But in doing so, we can’t forget there’s also a human side to work. Work isn’t just numbers. Work isn’t just reports. Work isn’t just about the bottom line.

Work is also about human relationships. Work is about BUILDING those human relationships.

Because without those relationships, work is not possible.

It’s okay to show that human side of yourself while you’re at work. It’s okay to have a personality. It’s okay to be nice to people.

We’re not robots.

And honestly, I’ve found that when you share that human side of yourself with others, people are more receptive towards you. People like you more because you’re honest. You’re silly. You’re NOT perfect. You’re just like everyone else. You’re human.

A little crazy. A little messed up. A little not-so-put-together.

So don’t be afraid to open up every once in a while.

For example, I was running into work not too long ago wearing my not-so-hemmed pants which I have to wear my 5 inch heels with. And so I decide to take the elevator to prevent myself from falling flat on my face. So what happened?  I got off the elevator, took 4 steps, my heel got stuck in a crack on the floor, and I fell. On my face. The best part was…I didn’t just fall, I also ripped my pants. Big time.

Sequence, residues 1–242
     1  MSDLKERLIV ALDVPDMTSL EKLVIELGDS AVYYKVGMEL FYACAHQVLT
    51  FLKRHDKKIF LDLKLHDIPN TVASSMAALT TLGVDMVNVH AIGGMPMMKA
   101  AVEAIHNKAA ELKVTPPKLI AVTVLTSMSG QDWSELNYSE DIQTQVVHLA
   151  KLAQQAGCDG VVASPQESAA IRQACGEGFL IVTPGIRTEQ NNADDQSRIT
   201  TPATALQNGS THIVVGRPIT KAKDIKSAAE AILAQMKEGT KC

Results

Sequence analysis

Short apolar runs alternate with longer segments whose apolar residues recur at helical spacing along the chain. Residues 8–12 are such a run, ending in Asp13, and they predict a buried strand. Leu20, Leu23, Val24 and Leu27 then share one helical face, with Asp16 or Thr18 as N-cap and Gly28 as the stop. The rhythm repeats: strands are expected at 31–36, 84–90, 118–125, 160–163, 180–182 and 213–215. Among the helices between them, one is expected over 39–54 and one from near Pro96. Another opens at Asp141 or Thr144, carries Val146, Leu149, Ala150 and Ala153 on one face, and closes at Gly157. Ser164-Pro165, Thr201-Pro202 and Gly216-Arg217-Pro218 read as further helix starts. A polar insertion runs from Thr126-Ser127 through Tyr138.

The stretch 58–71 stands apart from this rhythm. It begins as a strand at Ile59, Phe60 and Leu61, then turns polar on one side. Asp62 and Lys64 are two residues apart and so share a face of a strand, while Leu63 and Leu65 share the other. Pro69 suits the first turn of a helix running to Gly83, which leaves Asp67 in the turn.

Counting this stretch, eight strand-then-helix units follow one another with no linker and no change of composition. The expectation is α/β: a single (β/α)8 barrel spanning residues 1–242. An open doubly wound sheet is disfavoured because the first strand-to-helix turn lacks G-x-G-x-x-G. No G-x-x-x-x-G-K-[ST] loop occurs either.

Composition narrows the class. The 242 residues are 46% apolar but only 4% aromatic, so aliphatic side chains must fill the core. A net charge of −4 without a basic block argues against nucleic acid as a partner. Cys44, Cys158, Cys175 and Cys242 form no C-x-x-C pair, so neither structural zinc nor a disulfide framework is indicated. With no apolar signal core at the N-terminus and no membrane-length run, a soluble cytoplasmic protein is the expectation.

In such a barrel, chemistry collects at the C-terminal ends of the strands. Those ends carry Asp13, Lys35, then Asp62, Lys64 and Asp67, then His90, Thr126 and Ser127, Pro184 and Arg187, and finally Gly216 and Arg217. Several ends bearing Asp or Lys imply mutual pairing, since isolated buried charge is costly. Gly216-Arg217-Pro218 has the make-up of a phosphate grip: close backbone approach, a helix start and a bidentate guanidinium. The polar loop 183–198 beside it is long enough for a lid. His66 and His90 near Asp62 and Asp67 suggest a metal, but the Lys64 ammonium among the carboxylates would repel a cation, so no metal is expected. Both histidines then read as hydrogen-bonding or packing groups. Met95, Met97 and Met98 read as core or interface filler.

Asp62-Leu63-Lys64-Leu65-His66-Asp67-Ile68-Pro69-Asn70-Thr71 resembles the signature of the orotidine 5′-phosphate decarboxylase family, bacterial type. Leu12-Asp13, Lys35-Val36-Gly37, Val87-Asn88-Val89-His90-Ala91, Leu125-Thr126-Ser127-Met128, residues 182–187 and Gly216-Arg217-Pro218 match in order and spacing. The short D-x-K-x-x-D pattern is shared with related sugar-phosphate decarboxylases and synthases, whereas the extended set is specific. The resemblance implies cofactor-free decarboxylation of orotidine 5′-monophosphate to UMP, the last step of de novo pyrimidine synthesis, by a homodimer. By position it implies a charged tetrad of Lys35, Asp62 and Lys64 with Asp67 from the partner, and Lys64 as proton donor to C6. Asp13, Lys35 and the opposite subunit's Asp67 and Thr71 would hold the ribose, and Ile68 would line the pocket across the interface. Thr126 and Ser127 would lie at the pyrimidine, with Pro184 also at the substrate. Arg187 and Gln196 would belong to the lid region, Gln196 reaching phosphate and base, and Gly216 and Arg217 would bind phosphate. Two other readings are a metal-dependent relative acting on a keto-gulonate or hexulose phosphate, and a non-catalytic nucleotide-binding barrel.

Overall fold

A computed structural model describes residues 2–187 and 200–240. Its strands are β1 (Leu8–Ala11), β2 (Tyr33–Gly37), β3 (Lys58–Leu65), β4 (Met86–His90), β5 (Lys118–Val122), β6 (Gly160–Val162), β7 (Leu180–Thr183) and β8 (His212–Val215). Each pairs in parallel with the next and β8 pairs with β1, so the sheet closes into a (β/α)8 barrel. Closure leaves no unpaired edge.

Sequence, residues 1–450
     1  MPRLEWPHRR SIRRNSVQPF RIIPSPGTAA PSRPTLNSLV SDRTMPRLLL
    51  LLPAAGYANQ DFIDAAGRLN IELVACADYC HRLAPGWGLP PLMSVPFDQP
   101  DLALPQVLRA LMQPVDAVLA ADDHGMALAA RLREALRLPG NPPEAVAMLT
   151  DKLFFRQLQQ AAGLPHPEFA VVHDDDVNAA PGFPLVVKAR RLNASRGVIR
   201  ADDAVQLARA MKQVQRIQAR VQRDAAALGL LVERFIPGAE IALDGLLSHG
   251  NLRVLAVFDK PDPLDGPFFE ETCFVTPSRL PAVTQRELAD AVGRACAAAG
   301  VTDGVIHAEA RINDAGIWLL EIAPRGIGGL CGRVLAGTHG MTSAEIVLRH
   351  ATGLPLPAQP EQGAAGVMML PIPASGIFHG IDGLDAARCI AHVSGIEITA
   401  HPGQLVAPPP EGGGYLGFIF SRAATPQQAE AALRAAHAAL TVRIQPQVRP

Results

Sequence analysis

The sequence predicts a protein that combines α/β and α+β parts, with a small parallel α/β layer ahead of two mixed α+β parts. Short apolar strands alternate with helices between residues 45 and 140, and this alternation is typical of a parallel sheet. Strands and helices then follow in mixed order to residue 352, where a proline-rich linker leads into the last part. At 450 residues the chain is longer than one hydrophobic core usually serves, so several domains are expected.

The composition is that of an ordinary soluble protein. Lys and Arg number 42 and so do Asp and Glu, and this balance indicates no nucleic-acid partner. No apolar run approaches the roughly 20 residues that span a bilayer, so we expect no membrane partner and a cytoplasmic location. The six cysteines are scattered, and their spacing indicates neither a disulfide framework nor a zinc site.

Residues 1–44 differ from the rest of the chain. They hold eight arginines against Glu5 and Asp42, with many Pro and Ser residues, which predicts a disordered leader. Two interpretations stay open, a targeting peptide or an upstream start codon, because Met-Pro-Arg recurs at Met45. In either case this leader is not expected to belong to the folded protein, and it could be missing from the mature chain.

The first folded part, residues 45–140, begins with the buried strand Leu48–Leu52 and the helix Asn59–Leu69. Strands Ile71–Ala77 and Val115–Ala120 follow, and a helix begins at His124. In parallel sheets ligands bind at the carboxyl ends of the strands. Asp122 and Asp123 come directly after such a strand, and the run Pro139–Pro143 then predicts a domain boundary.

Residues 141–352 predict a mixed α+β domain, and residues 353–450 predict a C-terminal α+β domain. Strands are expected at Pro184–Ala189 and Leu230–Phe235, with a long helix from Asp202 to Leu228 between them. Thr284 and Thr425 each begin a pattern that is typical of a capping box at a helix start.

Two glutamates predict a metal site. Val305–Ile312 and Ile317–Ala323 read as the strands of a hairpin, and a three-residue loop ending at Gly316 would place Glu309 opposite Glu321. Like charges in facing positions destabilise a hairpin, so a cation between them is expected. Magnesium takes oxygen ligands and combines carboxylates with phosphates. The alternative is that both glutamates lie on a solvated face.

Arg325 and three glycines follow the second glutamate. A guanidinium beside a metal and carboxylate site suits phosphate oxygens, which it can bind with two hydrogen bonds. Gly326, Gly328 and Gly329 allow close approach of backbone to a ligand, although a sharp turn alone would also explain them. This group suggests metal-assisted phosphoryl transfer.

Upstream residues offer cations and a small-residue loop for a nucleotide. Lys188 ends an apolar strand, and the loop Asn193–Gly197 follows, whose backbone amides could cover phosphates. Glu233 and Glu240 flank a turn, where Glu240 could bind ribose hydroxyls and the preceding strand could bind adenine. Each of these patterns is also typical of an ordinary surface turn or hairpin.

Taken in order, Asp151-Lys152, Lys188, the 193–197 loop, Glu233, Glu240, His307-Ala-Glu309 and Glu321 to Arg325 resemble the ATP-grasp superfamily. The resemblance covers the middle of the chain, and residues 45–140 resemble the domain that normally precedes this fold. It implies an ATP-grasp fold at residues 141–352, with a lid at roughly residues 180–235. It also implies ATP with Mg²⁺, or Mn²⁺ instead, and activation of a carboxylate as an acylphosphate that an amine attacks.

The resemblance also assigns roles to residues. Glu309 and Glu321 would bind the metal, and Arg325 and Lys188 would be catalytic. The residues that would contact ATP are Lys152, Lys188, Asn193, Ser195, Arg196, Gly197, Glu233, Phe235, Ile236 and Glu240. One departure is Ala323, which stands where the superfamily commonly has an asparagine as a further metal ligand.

So I got up, continued walking to my office, and when people greeted me with the usual, “Good Morning! How are you?” my response to them was NOT, “Fine, thanks.”

Instead, it was more like “Wonderful, thanks, I ripped my pants! Isn’t that great?”

And you know what?  People didn’t look at me and scold me for being honest. Instead, they laughed and some of them even shared with me their own embarrassing stories.

So my point is, don’t be the kind of person at work who has the personality of a tree. Be true to who you are, don’t put on a front, and you’ll be much more likely to build those human relationships which are essential to career success.

PLUS… you’ll be wayyyy cooler in my book.

Why We Need To Get Over Our Fear of Rejection

25 Apr

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Nobody likes the word NO.

It sucks, usually, when you want something and you just can’t have it.

No… you can’t have that job.

No… I won’t pay you $70k a year so you can pay off your student loans of a million dollars.

No… you can’t have that slice of pizza.

DAMNIT.

But let’s face it…

NO is definitely a word that we need to get used to.

Especially us young people at the very start of our careers.